This winter we restored the plaster walls and ceiling in the master bedroom using a method that involves drilling holes around loose sections of plaster and injecting glue. The glue reattaches the loose plaster back to the lathe. The walls are now solid again! We decided to restore the plaster rather than remove and drywall because of the mess involved. And in my opinion the plaster is a better product!
Plaster is more mold and fire resistant than drywall and also more soundproof plus the character of plaster was important to us.
We stripped paint from the original door window shelf and I built new closet doors.
Forget bird houses, these days it’s all about the bees; mason bees to be precise. We’ve all heard of the decline in honeybees and habitat loss but at $1+ per cocoon, we’ve hesitated and our fruit trees seem to produce just fine.
A month ago, we discovered that Jan’s dad had made these same bee houses. Without any cocoon purchases (rent must have been cheap enough) they were pretty much all rented out for the season. And by the following weekend, we had our own homes up and running. We’d become proud official so to be bee keepers trying to make a difference.
In-house Inspiration – Built by Ove Nielsen (Jan’s dad)
Always happy to chat about projects, Jan mentioned his new venture to a friend whose comment was “but you’ll be stealing someone else’s ‘paid-for’ bees”. And here I thought we were simply attracting errant bees in need of a hospitable refuge……and don’t the babies need a home to return too?
The saga continues with the work on Danny’s old house. This time he’s removing and replacing rotten window sill.
Repaired some insect damage in window jambs with epoxy also replaced a structural beam under the window (original damaged by carpenter ants some time ago.) Making new brackets to be structural. Originals were rotted! Will be coating those with an epoxy barrier coat.
Removed all the sash (5 total) stripped them and will be repainting this weekend. Also replaced all the sash cords for the counter weights.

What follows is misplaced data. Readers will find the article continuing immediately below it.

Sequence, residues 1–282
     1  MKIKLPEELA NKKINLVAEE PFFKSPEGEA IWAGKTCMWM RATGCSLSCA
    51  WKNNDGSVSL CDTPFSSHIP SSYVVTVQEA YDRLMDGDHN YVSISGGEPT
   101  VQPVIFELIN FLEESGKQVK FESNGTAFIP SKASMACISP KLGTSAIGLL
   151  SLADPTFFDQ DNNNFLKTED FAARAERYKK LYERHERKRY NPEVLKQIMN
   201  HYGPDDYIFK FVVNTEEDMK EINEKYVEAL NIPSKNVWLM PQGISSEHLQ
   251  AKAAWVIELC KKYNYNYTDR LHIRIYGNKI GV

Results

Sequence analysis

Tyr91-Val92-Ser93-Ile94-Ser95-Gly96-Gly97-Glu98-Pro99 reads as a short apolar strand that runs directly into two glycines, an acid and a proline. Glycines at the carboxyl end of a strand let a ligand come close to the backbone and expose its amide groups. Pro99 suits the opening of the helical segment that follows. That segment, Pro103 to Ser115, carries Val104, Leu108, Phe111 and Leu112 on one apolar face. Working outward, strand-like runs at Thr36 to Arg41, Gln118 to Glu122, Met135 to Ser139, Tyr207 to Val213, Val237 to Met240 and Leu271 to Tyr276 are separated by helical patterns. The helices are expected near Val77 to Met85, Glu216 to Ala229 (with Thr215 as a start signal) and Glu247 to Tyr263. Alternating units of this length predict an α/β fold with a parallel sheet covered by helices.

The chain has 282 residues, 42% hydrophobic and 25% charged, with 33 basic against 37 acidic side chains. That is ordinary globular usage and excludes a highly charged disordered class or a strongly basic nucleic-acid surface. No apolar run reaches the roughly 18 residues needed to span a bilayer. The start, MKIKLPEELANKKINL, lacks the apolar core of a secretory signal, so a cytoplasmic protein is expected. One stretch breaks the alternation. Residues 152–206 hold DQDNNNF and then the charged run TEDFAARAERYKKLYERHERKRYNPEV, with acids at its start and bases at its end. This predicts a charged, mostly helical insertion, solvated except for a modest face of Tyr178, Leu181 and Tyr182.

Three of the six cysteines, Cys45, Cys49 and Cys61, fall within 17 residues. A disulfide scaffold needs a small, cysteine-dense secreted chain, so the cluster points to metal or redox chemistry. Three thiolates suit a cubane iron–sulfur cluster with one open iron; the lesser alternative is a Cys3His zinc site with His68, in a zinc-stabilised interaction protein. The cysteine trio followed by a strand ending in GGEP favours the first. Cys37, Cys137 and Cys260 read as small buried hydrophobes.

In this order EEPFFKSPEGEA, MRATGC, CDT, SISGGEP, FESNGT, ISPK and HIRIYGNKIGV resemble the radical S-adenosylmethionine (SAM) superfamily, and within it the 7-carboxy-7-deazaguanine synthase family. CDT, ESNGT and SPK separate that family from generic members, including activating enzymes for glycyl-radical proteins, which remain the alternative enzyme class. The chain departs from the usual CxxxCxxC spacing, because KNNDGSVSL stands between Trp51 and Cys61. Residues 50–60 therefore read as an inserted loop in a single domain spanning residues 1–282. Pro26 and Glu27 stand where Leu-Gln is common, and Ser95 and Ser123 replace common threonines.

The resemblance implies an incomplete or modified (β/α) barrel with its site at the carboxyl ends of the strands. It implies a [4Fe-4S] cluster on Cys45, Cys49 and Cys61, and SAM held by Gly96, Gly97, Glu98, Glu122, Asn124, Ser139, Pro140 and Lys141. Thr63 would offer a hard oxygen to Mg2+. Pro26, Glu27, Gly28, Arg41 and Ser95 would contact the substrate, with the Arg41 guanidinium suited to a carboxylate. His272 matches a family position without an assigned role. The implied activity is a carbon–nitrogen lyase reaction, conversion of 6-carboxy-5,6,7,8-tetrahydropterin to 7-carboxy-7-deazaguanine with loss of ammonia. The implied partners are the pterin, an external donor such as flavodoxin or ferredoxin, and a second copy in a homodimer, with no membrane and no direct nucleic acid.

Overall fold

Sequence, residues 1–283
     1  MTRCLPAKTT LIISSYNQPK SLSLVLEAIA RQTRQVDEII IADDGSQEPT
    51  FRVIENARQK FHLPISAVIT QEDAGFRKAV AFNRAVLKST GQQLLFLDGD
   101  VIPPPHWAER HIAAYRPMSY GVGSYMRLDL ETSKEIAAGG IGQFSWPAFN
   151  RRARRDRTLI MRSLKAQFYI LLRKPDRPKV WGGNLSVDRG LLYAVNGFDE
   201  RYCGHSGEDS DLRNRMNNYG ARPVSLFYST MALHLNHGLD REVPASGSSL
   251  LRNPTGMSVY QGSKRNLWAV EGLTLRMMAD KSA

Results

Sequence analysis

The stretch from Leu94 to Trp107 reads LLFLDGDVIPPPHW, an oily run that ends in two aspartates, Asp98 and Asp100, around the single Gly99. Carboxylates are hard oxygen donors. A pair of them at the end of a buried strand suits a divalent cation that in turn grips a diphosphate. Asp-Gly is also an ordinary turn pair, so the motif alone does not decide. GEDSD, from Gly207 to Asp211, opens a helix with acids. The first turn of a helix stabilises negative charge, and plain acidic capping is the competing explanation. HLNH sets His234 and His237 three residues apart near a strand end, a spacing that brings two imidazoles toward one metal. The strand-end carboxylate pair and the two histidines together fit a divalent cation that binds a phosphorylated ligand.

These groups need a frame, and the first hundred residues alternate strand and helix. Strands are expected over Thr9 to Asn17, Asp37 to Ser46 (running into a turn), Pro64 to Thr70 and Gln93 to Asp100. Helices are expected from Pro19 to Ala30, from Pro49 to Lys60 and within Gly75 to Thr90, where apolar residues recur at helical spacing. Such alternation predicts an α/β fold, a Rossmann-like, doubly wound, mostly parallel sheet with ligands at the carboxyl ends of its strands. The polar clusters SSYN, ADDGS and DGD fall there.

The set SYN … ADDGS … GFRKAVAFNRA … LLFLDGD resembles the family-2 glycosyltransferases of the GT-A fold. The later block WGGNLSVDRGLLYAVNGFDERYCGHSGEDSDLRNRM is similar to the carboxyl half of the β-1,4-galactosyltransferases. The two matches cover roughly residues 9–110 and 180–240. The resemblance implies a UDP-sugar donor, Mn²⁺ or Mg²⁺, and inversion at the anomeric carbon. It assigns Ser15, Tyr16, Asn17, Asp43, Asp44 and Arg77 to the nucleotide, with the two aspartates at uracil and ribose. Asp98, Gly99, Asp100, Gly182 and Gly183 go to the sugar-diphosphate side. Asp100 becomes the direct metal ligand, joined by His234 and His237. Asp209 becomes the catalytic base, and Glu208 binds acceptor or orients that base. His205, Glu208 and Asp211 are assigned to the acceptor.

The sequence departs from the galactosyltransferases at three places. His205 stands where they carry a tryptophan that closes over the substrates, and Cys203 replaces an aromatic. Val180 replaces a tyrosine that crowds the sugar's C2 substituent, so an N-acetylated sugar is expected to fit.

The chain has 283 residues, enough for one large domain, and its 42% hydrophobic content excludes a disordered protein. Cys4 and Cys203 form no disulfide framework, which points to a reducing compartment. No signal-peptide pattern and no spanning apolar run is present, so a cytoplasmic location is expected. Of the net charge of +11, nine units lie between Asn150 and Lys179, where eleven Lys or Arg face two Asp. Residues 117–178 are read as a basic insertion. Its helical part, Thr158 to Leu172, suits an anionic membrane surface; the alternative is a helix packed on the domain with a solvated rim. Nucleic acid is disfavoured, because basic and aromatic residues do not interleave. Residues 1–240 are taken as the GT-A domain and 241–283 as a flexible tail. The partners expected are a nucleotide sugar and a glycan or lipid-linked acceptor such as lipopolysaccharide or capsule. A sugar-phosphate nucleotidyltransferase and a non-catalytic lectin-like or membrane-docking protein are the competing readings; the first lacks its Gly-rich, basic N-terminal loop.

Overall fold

Shelley isn’t always the beneficiary of Jan’s Day Off projects. He’s been fancying up the Hand-Tool Shop Area for the milling ‘boys’ with new router bit shelves. It’s developed into such a great work space, that sometimes they just don’t want to go home at the end of the day.
My father (1919-2013) was born with salt water in his veins. Boats were it for him. And although not formally trained as a naval architect he was a self-taught boat designer and member of the Society of Small Craft Designers. My childhood holds memories of him spending long evenings – night after night – hunched over his drafting table deep in the dungeon of our basement.
One of his customers was William (Bill) Smith – an airborne pilot and member of the BC Forest Service. Bill had a dream and came to dad. Together they came up with a design and a plan. Unfortunately, he contracted Lou Gehrig’s Disease and as I was still ‘knee high to a grasshopper’ my details are sketchy. I do however remember the hours both my Dad and Bill spent on this project. Sadly Bill died far too young before achieving his dream.
I do not recall what happened to Bill’s family or the boat – which was never finished. I do have a vague recollection of Margaret (Bill’s wife) finding a seller for the hull. As I was sorting through my dad’s boxes and file cabinets (I’m talking income taxes from 1957; utility bills from the 80’s) I did come across this photo (below right) and felt it deserved sharing.
We all have dreams. Certainly Jan has more than his fair share. Long may they live. And if we only see a quarter to closure, we are surely blessed.
Wayne makes these lures from 2×2 Alaskan Yellow Cedar. He was kind enough to share is technique and a few photos of the “rewards” received in the Cape Cod Canal.
I take 2X2 Alaska Yellow Cedar and turn it on a lathe down to a 6 inch Cape Cod Pencil. Through a drilled hole I insert a stainless welding wire, picking up a swivel half way through and a tail weight. Then comes a Spar varnish and BIN primer, after that comes airbrushing a pattern before epoxy and hooks.
Quite and art form! And they work too… just look at the spoils from a trip to the Cape Cod Canal in 2012, they caught 100lbs of fish but only kept 50lbs.